Denver “Day Without a Woman” general strike called, will include march at Capitol Wednesday

In Denver, there’s also a march around the Colorado State Capitol from noon to 1 p.m. on Wednesday.
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Sunit Gill (second from right) attends the Women’s March on Denver with her family and neighbors on Saturday, Jan. 21, 2017.

Opponents of the Trump administration are calling for women to make their absence felt on Wednesday as a form of protest. The event is inspired by the "bodega strike" by Yemeni owners of New York City's ubiquitous corner stores and the "Day Without an Immigrant" protests.

Both are variations on the idea of a general strike. (Earlier this year, I spoke with a labor historian about general strikes and why they aren't a big part of our political culture in the U.S.)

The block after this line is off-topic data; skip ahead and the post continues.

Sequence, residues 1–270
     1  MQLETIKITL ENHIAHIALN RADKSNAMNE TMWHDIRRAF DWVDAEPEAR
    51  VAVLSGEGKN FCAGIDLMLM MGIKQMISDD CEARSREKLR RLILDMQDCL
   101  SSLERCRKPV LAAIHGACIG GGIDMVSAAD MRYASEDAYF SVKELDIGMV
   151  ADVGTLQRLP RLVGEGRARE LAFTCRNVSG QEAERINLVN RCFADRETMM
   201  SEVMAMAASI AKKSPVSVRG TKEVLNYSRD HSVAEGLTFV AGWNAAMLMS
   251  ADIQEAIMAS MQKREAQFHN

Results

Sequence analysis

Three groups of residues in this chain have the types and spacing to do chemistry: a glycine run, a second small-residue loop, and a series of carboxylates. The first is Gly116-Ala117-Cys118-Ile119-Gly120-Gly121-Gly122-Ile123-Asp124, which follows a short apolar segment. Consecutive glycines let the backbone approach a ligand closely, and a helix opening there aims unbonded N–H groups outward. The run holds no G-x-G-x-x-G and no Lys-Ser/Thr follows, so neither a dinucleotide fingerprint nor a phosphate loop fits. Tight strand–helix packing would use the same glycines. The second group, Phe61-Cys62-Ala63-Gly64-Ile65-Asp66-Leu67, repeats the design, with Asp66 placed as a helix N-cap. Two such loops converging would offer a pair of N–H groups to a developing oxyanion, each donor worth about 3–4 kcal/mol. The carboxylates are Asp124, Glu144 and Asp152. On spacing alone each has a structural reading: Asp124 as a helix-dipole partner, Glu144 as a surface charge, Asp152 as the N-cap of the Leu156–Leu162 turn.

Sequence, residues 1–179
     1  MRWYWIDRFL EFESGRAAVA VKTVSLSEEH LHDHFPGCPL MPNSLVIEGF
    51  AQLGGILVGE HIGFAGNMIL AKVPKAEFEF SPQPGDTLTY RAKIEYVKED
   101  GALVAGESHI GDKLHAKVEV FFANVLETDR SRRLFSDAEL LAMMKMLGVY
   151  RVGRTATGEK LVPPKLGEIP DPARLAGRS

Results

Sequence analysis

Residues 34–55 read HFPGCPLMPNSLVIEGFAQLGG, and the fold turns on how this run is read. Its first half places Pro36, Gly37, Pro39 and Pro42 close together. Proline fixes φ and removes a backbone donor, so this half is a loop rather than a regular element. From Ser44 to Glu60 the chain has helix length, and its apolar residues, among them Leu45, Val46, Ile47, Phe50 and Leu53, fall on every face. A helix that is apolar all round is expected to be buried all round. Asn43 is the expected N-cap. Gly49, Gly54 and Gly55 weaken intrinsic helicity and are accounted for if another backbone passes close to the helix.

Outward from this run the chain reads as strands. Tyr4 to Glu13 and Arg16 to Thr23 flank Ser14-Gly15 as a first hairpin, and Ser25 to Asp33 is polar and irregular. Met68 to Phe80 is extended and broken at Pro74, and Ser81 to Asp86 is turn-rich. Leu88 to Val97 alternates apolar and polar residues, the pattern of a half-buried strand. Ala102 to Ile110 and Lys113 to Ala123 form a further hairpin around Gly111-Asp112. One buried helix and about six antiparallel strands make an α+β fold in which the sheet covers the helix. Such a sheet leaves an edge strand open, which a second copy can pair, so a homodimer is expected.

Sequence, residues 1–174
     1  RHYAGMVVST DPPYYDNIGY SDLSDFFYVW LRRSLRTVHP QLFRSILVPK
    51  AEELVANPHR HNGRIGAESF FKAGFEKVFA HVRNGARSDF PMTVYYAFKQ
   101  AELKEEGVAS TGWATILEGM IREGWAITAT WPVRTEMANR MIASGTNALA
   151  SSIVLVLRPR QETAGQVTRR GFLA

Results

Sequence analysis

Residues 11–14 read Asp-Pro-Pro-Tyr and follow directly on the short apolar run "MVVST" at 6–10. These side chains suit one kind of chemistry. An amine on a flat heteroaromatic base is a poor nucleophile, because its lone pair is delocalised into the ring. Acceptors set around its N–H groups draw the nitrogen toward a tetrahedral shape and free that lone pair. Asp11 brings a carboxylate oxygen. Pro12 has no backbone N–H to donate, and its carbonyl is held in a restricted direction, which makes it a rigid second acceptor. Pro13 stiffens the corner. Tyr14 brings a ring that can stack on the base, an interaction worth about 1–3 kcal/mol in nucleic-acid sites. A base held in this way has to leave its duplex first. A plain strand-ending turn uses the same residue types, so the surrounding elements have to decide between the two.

Here are the main ways women are being asked to participate:

  • Women take the day off, from paid and unpaid labor
  • Avoid shopping for one day (with exceptions for small, women- and minority-owned businesses).
  • Wear red in solidarity with A Day Without A Woman

As with other general strike-like protests, women who participate run the risk of being disciplined or fired at work. Organizers suggest talking to your boss ahead of time if you want to participate. And skipping out on unpaid labor in the home only works if there are other adults to pick up those childcare and cleaning tasks.

Not to be a Debbie Downer! But these types of protests carry some inherent challenges that the large Saturday marches and rallies do not.

In Denver, there's also a march around the Colorado State Capitol from noon to 1 p.m. on Wednesday.

“The Watcher's Silent Vigil: In Love of Liberty, Justice and Human Rights for All” will "make elected representatives at every level of government know they are being watched and will be engaged with to ensure the preservation of our democracy."

In an email, organizers said they were also inspired by the weekly silent vigils carried out by the Mothers of the Plaza de Mayo in Argentina to protest the military dictatorship there.

Organizers will have a certain number of signs available on a first come, first serve basis, or bring your own. The march is intended to be "peaceful, respectful and inclusive."

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